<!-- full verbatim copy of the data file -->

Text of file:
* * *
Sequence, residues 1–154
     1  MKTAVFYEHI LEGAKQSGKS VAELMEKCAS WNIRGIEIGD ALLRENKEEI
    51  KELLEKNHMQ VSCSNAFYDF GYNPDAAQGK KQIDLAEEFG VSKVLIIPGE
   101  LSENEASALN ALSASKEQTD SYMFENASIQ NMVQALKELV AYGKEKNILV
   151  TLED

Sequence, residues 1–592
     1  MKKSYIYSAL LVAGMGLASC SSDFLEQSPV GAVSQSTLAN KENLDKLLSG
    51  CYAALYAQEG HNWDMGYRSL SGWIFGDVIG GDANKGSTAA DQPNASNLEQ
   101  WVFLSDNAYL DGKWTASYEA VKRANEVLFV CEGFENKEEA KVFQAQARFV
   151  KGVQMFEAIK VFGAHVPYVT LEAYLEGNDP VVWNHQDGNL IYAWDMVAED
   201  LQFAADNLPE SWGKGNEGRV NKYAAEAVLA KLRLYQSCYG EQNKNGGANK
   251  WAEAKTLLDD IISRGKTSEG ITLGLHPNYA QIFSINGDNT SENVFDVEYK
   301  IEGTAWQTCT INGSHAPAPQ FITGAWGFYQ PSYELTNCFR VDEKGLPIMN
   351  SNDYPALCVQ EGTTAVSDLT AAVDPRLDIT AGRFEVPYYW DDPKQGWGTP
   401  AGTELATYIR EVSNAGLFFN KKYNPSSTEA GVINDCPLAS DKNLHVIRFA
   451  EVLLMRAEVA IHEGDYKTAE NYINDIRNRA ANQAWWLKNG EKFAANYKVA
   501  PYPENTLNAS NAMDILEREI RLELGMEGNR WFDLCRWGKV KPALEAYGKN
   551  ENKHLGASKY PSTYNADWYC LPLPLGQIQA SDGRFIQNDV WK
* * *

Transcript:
Sequence, residues 1–154
     1  MKTAVFYEHI LEGAKQSGKS VAELMEKCAS WNIRGIEIGD ALLRENKEEI
    51  KELLEKNHMQ VSCSNAFYDF GYNPDAAQGK KQIDLAEEFG VSKVLIIPGE
   101  LSENEASALN ALSASKEQTD SYMFENASIQ NMVQALKELV AYGKEKNILV
   151  TLED

Sequence, residues 1–592
     1  MKKSYIYSAL LVAGMGLASC SSDFLEQSPV GAVSQSTLAN KENLDKLLSG
    51  CYAALYAQEG HNWDMGYRSL SGWIFGDVIG GDANKGSTAA DQPNASNLEQ
   101  WVFLSDNAYL DGKWTASYEA VKRANEVLFV CEGFENKEEA KVFQAQARFV
   151  KGVQMFEAIK VFGAHVPYVT LEAYLEGNDP VVWNHQDGNL IYAWDMVAED
   201  LQFAADNLPE SWGKGNEGRV NKYAAEAVLA KLRLYQSCYG EQNKNGGANK
   251  WAEAKTLLDD IISRGKTSEG ITLGLHPNYA QIFSINGDNT SENVFDVEYK
   301  IEGTAWQTCT INGSHAPAPQ FITGAWGFYQ PSYELTNCFR VDEKGLPIMN
   351  SNDYPALCVQ EGTTAVSDLT AAVDPRLDIT AGRFEVPYYW DDPKQGWGTP
   401  AGTELATYIR EVSNAGLFFN KKYNPSSTEA GVINDCPLAS DKNLHVIRFA
   451  EVLLMRAEVA IHEGDYKTAE NYINDIRNRA ANQAWWLKNG EKFAANYKVA
   501  PYPENTLNAS NAMDILEREI RLELGMEGNR WFDLCRWGKV KPALEAYGKN
   551  ENKHLGASKY PSTYNADWYC LPLPLGQIQA SDGRFIQNDV WK